Introducing the Yellow-billed Cardinal – a stylish and streamlined bird boasting a gray back, white chest and collar, and a striking red hood that’s simply impossible to ignore.
The yellow-billed cardinal, scientifically known as Paroaria capitata, is a small bird that measures about 6 inches (15 cm) in length. This beautiful bird has a bright yellow-orange bill and legs that match its overall color scheme. Its head is adorned with a vibrant shade of red while the throat is black. The underparts of this bird are pure white, while the back, wings, and tail are a medium shade of gray.
Both genders appear almost identical, with juveniles sporting a brown-orange head and brown upper body.
The species of this feathered friend can be spotted in various regions, including Brazil, Paraguay, Bolivia, Uruguay, and northern Argentina. It was also brought to the island of Hawai’i as an introduction.
The yellow-billed cardinal typically inhabits damp scrublands, particularly in the vicinity of swamplands and wet grasslands by river and lake shores. Their habitat ranges from sea level to approximately 500 meters in altitude.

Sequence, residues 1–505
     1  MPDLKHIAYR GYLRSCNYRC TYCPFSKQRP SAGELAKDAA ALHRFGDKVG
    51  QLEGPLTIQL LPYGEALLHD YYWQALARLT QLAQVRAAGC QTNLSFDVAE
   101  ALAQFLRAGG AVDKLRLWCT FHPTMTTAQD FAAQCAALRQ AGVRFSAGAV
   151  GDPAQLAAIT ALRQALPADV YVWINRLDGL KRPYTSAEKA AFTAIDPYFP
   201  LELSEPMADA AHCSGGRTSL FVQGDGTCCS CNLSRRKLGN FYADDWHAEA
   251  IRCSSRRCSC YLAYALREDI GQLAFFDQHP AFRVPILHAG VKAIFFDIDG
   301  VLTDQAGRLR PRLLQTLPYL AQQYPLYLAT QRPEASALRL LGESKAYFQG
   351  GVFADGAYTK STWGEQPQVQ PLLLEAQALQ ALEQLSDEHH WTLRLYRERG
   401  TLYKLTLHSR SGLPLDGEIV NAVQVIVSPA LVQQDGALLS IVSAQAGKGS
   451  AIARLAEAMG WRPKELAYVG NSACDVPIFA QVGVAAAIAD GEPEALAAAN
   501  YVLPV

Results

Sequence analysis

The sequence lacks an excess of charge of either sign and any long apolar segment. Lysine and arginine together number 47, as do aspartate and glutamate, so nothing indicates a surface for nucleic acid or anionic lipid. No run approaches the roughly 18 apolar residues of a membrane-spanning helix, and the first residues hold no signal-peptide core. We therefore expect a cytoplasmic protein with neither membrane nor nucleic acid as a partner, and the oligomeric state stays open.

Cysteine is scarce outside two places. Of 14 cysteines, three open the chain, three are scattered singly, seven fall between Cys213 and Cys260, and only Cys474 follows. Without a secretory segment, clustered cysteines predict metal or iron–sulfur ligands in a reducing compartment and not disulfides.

These creatures have a diverse diet, including seeds, fruits, and small invertebrates.
During the breeding season, from October to February, yellow-billed cardinals construct a nest using plant fibers and rootlets that is shaped like a deep cup. The nests are usually placed in small trees or scrub and are relatively low to the ground. After building the nest, the female lays between 2 to 4 eggs that are white or cream-colored with brown streaks. She then incubates the eggs alone for about two weeks until they hatch. The chicks remain in the nest for another 10 to 15 days before they fledge. A pair of cardinals can raise up to four broods per season.
The bird’s population is steady, and it can be found in many places, which is why it is considered of Least Concern by the IUCN Red List.
Check out the video down below to catch a glimpse of this feathered creature!